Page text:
“There’s no alternative to reduce in the medium term too high sovereign debts, especially, and of course for… the eurozone as a whole,” Wolfgang Schäuble said in a debate with IMF Managing Director Christine Lagarde in Tokyo.
Lagarde on Thursday appeared to soften on the need for heavily-indebted countries to trim their fiscal cloth, when she said: “Instead of frontloading heavily it is sometimes better… to have a bit more time.”
She said the IMF was happy for debt-addled Greece to have another two years to get its fiscal house in order and bring budget deficits down to levels agreed with international creditors.
But in a debate on the sidelines of the International Monetary Fund’s annual meeting in Tokyo, which was briefly interrupted by an earthquake, Schäuble cautioned against any slippage.
“I think it’s even more important for sustainable growth that investors and consumers have some confidence,” he said.
“We have to stick to what we announced and we have to implement it step by step.”
Lagarde, who earlier in the day said “wartime levels” of debt were the “greatest roadblock” to future growth, said her position had not changed, insisting debt-reduction was vital, but that it was a matter of timing.
Consistently we’ve said the same thing: that adjustment… or fiscal consolidation… is necessary.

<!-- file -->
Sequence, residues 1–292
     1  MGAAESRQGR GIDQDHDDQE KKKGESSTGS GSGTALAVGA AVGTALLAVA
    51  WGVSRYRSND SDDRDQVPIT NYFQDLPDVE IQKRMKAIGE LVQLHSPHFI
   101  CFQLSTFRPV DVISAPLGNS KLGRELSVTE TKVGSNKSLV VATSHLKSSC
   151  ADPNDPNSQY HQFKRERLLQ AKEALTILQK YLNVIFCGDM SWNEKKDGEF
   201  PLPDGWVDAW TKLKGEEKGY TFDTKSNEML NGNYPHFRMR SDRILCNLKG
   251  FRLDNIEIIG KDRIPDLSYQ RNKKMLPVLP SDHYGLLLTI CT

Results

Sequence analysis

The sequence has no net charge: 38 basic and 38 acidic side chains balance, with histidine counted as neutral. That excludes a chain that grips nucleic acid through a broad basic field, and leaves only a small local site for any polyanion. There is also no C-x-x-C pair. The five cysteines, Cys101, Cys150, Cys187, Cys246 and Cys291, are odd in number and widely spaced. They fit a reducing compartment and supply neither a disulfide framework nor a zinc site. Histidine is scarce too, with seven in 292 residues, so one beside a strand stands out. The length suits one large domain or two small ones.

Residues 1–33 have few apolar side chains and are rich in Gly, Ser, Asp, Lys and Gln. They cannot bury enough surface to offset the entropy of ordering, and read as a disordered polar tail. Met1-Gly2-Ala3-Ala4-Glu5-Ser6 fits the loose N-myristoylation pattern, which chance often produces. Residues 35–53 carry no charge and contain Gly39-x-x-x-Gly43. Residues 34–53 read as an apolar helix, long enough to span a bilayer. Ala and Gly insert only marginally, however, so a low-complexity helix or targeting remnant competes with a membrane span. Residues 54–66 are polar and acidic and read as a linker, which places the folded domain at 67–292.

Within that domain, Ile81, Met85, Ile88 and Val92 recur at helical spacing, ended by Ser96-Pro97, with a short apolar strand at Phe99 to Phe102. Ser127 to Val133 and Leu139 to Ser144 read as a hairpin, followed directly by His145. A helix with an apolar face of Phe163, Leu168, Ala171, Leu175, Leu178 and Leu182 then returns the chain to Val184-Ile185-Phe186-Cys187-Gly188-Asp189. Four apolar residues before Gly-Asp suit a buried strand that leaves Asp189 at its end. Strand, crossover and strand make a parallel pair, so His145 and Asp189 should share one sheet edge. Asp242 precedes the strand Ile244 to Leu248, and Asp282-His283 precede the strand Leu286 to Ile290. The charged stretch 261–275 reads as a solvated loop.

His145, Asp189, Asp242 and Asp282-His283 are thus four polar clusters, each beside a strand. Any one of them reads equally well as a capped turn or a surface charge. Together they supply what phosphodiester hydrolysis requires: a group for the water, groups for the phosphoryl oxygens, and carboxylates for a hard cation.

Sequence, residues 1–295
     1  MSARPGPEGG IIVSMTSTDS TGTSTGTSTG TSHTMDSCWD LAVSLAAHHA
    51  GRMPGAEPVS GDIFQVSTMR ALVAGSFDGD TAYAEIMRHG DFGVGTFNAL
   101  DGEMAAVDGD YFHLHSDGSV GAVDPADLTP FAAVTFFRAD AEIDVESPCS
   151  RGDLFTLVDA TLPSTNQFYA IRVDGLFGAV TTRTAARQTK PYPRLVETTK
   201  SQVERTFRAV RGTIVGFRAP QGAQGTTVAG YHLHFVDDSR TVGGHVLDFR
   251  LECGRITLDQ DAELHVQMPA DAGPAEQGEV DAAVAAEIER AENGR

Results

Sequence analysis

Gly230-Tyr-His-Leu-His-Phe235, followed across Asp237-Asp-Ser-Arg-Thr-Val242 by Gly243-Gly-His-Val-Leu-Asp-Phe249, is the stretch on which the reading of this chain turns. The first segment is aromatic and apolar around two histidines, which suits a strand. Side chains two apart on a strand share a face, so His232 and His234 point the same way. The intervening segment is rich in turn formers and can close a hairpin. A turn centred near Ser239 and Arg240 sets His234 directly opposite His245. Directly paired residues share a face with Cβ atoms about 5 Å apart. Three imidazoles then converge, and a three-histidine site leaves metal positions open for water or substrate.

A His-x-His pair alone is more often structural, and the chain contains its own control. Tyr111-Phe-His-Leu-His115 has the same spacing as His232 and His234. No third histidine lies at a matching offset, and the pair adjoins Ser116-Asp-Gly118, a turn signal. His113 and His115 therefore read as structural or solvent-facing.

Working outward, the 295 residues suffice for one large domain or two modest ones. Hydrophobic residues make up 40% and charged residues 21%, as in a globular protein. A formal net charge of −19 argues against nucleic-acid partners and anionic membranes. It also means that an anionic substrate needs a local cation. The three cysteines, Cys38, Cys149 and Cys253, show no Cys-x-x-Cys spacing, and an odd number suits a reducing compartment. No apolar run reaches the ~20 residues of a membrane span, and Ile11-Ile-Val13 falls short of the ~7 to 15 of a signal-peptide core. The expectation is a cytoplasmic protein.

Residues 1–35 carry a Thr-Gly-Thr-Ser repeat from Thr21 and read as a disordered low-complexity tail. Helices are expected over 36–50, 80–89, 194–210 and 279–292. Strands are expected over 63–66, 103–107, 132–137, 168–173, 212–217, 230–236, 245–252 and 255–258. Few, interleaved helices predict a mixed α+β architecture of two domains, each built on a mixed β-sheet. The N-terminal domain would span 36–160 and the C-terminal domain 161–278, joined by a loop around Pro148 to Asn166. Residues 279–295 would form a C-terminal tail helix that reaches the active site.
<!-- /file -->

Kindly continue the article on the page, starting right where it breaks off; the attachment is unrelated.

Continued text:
“But it’s a factor of pace. You know, at which pace does it happen?”
Lagarde said austerity could not be the only medicine for troubled economies, pointing to the human cost of cuts.
“If people stay away from the job market, they lose hope… which is why it’s critical that while maintaining those policies of fiscal consolidation where these are needed, there is also concern for growth, so that jobs can be created.”
Commentators have suggested that Lagarde is shifting the IMF’s stance on the need for austerity, at least partially, in response to the stumbling world economy.
The Fund’s latest forecast, released this week, said the global economy was on track to grow 3.3 percent in 2012, down from its July estimate of 3.5 percent.
The pace of growth next year would also be moderated, forecasters said, suggesting an expansion of 3.6 percent next year, also lower than a July estimate of 3.9 percent.
Jaco Kirkegaard, an economist at the Pesterson Institute in Washington said Lagarde’s emphasis on the need for a more nuanced approach to debt was not a sudden policy adjustment.
“I think it is part of the longer-term shift in the IMF’s position that has been under way for some time, which has seen the IMF move to a gradually more flexible stance on the need for austerity,” he said.
Jaco said the situation in Europe, where a number of large economies were engaging in belt-tightening, supported Lagarde’s emphasis on tailor-made policies.
“In Europe there is obviously the spillover effects, from when all your neighbours are doing austerity… it will affect you as well.
“As such, her remarks are part of a well-founded, empirically-based shift of the IMF views on the scale of austerity required in the current economic climate in the euro area.”